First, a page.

Is there such a thing as a “male biological clock”? What do we really know about men’s reproductive health?
The answer, accordingly to author Rene Almeling, is surprisingly little. In contrast, the medical specialty of gynecology, focused on women’s reproductive health, began over 100 years ago. Today, both medical and cultural messages about reproduction and fertility still overwhelmingly target women.
Sociologist Rene Almeling, author of GUYnecology: The Missing Science of Men’s Reproductive Health, joined UC Press Executive Director, Tim Sullivan in this virtual conversation to discuss the fascinating mystery of why there is still such limited research about men’s reproductive health.
As Almeling explains, the absence of a large and dedicated medical specialty focused on men’s reproduction presents a missed public health opportunity, as many men are unaware of how their health might impact their fertility and future children. Additionally, it impacts how we culturally frame reproductive politics as a “women’s issue.”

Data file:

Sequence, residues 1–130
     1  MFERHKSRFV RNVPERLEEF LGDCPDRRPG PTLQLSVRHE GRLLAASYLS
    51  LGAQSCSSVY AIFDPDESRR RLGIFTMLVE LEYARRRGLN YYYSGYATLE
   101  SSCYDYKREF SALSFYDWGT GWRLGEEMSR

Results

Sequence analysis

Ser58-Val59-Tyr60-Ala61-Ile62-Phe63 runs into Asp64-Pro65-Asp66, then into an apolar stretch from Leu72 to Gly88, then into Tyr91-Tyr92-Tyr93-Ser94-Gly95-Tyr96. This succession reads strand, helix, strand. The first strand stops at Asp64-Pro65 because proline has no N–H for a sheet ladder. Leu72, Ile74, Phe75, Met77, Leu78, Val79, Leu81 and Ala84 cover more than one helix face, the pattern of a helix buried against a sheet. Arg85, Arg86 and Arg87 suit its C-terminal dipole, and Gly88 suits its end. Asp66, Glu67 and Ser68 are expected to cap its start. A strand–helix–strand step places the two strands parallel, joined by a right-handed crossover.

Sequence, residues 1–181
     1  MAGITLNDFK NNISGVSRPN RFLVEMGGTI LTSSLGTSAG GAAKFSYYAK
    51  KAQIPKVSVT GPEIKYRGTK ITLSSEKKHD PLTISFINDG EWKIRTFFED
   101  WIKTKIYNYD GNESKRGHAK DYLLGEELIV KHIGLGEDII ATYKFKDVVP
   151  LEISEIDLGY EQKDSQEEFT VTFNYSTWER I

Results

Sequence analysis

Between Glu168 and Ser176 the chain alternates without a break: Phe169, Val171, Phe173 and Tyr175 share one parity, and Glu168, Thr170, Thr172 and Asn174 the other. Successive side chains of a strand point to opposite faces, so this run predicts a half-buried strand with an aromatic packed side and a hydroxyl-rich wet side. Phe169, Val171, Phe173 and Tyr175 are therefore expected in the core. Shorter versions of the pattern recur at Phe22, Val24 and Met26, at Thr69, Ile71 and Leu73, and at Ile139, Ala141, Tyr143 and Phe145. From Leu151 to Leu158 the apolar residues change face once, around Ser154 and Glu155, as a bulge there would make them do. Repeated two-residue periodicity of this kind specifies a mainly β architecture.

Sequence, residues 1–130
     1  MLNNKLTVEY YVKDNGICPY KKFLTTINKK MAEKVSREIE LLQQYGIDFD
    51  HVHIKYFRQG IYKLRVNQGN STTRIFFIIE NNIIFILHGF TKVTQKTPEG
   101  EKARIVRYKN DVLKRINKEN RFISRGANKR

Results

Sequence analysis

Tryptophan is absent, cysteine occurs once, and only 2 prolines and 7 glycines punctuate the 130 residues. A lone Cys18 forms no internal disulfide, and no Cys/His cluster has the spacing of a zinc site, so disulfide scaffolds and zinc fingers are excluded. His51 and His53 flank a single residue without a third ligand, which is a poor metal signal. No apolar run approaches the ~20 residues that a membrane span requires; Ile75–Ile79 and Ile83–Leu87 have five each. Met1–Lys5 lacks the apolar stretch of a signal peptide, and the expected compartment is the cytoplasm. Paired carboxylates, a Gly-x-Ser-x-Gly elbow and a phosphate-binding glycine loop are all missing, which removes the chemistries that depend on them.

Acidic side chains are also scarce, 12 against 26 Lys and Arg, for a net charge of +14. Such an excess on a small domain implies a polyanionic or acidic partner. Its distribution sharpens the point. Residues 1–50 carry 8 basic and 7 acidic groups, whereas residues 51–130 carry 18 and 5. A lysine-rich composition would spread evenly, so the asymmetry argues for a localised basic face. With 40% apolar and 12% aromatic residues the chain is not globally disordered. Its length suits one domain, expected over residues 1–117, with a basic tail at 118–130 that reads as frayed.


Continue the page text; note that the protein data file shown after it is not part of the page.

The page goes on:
But the answer to this gap is not about simply advocating for the expansion of andrology, the male counterpart to gynecology. Almeling argues we need to build a more inclusive reproductive health focus that incorporates trans, gender nonbinary, and intersex folks. And at a societal level, we need to avoid public health messaging that targets individual-level behaviors, and instead recognize that health is a systemic, social issue.
Perfect for anyone interested in reproductive politics, history of medicine, public health, and gender, Almeling’s work also presents a unique methodological case study for scholars teaching on “the making of non-knowledge.”
Read more about Rene Almeling’s book, GUYnecology.